Independent watchmakers demonstrate in Milan

Gli orologiai indipendenti manifestano a Milano

The watchmakers who 'chained themselves' in front of the Richemont Italia headquarters in Milan on 30 September to protest against the refusal of watch manufacturers to supply original spare parts to independent craftsmen came from all over Italy.

The matter is already familiar to readers of L'Orologio, since our magazine has for a couple of years now been giving space to the statements of the houses and the watchmakers themselves, in an attempt to find common ground on a delicate issue that is putting an entire craftsmanship category in Italy and around the world at risk of extinction.

The protest staged last Wednesday in front of the Italian branch of one of the world's largest watchmaking groups attracted the attention of the Lombardy Region's Councillor for Craftsmen and Services, Domenico Zambetti, who joined the delegation of protesters, invited by Richemont to enter its offices for a discussion. "Unfair competition from the big brands condemns thousands of watchmakers to the closure of their businesses,' said councillor Zambetti. 'Without the supply of spare parts to all craftsmen, we are helping to build a watch lobby made up only of big brands and big names, which will in fact force independent craftsmen to close their businesses.

Richemont Italy's Director of Operations, Stefano Corrado, reiterated that the company's spare parts policy is aimed solely at protecting the quality of service associated with its products. The watchmakers therefore declared themselves in favour of opening their workshops so that Richemont representatives could assess their capabilities. "If that is not enough," continued Zambetti, "we propose the establishment of refresher courses at Richemont itself. Richemont's CEO undertook to take the appeal to the headquarters in Geneva.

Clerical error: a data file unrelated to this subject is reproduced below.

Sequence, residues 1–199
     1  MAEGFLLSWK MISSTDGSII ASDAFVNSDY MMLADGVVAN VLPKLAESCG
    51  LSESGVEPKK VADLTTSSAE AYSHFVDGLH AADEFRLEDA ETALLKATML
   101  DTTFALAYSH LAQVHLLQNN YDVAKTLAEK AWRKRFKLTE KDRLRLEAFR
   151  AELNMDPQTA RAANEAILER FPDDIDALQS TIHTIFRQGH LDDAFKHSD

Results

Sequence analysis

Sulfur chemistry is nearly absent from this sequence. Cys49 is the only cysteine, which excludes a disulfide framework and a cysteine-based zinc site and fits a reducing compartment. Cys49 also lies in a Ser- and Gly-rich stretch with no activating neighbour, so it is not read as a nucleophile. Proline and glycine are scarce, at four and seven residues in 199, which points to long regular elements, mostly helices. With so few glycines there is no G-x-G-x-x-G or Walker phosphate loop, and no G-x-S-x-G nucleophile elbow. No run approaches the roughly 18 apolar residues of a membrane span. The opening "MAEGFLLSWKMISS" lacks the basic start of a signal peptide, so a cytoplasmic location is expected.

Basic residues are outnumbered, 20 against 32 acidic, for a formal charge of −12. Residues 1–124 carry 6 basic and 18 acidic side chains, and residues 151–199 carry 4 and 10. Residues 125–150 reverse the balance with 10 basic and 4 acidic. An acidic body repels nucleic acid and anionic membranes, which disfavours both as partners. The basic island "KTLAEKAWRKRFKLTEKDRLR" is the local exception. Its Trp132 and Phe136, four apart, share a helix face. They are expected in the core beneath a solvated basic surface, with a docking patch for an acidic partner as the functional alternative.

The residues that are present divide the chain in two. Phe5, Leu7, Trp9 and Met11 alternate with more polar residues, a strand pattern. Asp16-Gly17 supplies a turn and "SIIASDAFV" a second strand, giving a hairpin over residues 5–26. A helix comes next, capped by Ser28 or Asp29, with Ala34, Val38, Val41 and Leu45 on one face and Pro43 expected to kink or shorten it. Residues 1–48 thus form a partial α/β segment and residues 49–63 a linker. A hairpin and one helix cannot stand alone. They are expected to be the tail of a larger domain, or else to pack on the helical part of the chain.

In the past few days, L'Orologio had interviewed the President of the Antitrust Authority, Antonio Catricalà, on the issue of the availability of spare parts. He said that he is waiting to hear the outcome of the dispute between the watchmakers' associations and the European Commission for Free Competition, to understand how to intervene in the matter, but that he personally remains convinced that this is a case of "restriction of competition" and "a regulatory framework to protect competition that must be reviewed". Catricalà adds that day after day the Antitrust Authority offices are forced to file complaints by watchmakers, as it has no power to intervene 'neither under Law 287, because the element of dominant position is missing, nor under the Consumer Code, which applies only to consumers who are natural persons. This is clearly a case of market malfunctioning. This seems absurd to me, a legislative vacuum that needs to be filled. Antitrust law is essential to foster competition, but I believe that on its own it is no longer enough'. A statement, this, that is a clear stance.

The question, therefore, is an open one, and bodes well at last for dialogue between the parties involved.

The Watch, as a trade magazine aimed at consumers and enthusiasts, advocates a solution in favour of greater freedom of choice for end users.

As in the automotive sector, the customer of a watch manufacturer should be free to choose who to entrust with the repair of his watch, naturally knowing the risks and consequences. An overhaul booklet, already adopted by some high-end brands, should always accompany the watch, even in its eventual sale on the second-hand market, where a timepiece always overhauled at the parent company would have an added value compared to another, overhauled by an independent watchmaker. This would further justify any price disparity between repairs, which is rightly attributable to the capital that manufacturers invest in training their after-sales service staff.

We look forward to hearing how the matter develops and as always we are open to dialogue with craftsmen and manufacturers, both on our Blog and in the pages of the magazine.

Photo 1: Watchmakers protest in front of the Richemont Italia headquarters.

Photo 2: Pictured, from right, Lombardy Region's Councillor for Craftsmanship and Services Domenico Zambetti, watchmaker Rodolfo Saviola and Danilo Guffanti, President of the goldsmiths and watchmakers category and Councillor of Confartigianato.